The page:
I'm not going to get into an extended debate about energy resources, since that would be wildly off-topic. But for the record I think you've bought into a line of political propaganda that has little relation to reality - there's a large body of evidence that we're nowhere near running out of fossil fuels,

This and the rest of that paragraph seem to indicate that you didn't read my earlier paragraph that closely. Nothing in my comment said that we were running out of fossil fuels, or even that we were running out of fuels with >1 EROEI. There's a lot of fossil fuels left. The issue in this context is that the remaining fossil fuels take technology to efficiently harness, and while we generally have that technology, a society trying to come back from drastic collapse may not have the technology. That's a very different worry than any claim about us running out of fossil fuels in the near or even indefinite future.

comment by Stuart_Armstrong · 2012-12-04T20:37:22.447Z · score: 5 (5 votes) · LW · GW

2) This doesn't take into account anthropic effects - we have to have survived to get to where we are now. Looking at the past and saying "hey, we survived that!" doesn't mean that the probabilities were that high.

3) The idea is sufficiently well developed now that it's origins are irrelevant (there are few hippies pushing the idea currently).

4) They are computer models, based on extensive knowledge of atmospheric condition and science. Are they definitely reliable? No. Are they more likely right than wrong? Probably - it's not like the underlying science is particularly difficult.

At what probability of the models being wrong would you say that we can ignore the threat? Are you convinced that the models have at least that probability of being wrong? And if so, based on what - it's not like there's a default position "nuclear winter can't happen" that has a huge prior in its favour, that the models then have to overcome.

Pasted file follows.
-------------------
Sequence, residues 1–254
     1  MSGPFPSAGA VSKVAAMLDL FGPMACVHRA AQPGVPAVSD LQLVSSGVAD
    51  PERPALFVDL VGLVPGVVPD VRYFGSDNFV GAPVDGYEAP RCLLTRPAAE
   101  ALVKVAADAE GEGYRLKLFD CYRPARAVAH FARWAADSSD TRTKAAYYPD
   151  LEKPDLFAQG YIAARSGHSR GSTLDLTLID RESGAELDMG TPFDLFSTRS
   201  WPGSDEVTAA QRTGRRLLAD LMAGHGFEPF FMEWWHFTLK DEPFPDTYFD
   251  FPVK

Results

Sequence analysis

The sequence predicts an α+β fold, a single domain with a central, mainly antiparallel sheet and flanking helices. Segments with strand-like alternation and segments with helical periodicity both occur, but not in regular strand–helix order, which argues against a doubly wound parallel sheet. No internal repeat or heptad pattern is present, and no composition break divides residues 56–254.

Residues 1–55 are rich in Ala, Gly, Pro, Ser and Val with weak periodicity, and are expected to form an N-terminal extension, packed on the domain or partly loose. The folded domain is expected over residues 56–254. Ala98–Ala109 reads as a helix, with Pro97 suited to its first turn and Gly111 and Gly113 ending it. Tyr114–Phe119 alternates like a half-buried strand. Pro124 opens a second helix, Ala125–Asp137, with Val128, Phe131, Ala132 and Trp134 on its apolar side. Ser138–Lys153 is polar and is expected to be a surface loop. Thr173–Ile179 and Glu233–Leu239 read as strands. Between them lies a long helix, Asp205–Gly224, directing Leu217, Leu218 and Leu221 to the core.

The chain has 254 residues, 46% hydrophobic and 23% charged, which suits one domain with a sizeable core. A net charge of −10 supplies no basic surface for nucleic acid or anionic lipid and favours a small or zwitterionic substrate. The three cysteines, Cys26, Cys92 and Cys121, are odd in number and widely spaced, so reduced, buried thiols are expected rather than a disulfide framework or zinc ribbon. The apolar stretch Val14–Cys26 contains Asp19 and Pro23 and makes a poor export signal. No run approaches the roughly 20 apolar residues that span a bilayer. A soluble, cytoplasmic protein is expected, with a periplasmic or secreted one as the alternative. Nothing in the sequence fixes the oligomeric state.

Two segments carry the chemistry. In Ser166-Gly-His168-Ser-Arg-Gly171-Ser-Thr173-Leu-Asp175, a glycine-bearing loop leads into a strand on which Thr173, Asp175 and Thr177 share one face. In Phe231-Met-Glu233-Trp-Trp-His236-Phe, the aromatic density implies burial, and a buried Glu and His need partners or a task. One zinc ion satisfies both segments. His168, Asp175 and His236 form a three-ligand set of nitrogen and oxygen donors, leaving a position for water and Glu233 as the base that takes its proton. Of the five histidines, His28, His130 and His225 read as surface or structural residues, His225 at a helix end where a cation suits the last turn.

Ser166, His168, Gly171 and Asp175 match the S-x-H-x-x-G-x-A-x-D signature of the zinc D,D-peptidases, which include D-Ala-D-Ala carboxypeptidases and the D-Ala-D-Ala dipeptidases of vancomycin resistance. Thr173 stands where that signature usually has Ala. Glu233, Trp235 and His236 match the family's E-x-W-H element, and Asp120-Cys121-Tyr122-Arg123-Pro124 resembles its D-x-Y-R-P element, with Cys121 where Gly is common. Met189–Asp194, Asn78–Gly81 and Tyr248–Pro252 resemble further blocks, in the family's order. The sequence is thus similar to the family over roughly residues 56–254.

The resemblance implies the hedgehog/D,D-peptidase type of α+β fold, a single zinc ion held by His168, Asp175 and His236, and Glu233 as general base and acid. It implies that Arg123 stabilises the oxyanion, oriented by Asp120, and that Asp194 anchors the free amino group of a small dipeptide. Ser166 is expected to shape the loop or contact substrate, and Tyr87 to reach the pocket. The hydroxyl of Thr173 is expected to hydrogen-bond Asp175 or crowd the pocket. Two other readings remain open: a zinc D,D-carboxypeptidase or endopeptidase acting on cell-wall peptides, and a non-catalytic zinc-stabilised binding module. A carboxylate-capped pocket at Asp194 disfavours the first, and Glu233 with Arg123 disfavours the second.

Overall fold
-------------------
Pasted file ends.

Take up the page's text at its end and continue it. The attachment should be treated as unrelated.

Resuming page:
comment by ewbrownv · 2012-12-05T20:09:54.361Z · score: 2 (2 votes) · LW · GW

This is a topic I frequently see misunderstood, and as a programmer who has built simple physics simulations I have some expertise on the topic, so perhaps I should elaborate.

If you have a simple, linear system involving math that isn't too CPU-intensive you can build an accurate computer simulation of it with a relatively modest amount of testing. Your initial attempt will be wrong due to simple bugs, which you can probably detect just by comparing simulation data with a modest set of real examples.

But if you have a complex, non-linear system, or just one that's too big to simulate in complete detail, this is no longer the case. Getting a useful simulation then requires that you make a lot of educated guesses about what factors to include in your simulation, and how to approximate effects you can't calculate in any detail. The probability of getting these guesses right the first time is essentially zero - you're lucky if the behavior of your initial model has even a hazy resemblance to anything real, and it certainly isn't going to come within an order of magnitude of being correct.

The way you get to a useful model is through a repeated cycle of running the simulator, comparing the (wrong) results to reality, making an educated guess about what caused the difference, and trying again. With something relatively simple like, say, turbulent fluid dynamics, you might need a few hundred to a few thousand test runs to tweak your model enough that it generates accurate results over the domain of input parameters that you're interested in.

If you can't run real-world experiments to generate the phenomena you're interested in, you might be able to substitute a huge data set of observations of natural events. Astronomy has had some success with this, for example. But you need a data set big enough to encompass a representative sample of all the possible behaviors of the system you're trying to simulate, or else you'll just gets a 'simulator' that always predicts the few examples you fed it.

So, can you see the problem with the nuclear winter simulations now? You can't have a nuclear war to test the simulation, and our historical data set of real climate changes doesn't include anything similar (and doesn't collect anywhere near as many data points as a simulator needs, anyway). But global climate is a couple of orders of magnitude more complex than your typical physics or chemistry sims, so the need for testing would be correspondingly greater.

The point non-programmers tend to miss here is that lack of testing doesn't just mean the model is a a little off. It means the model has no connection at all to reality, and either outputs garbage or echoes whatever result the programmer told it to give. Any programmer who claims such a model means something is committing fraud, plain and simple.

comment by Nornagest · 2012-12-05T21:00:55.908Z · score: 4 (4 votes) · LW · GW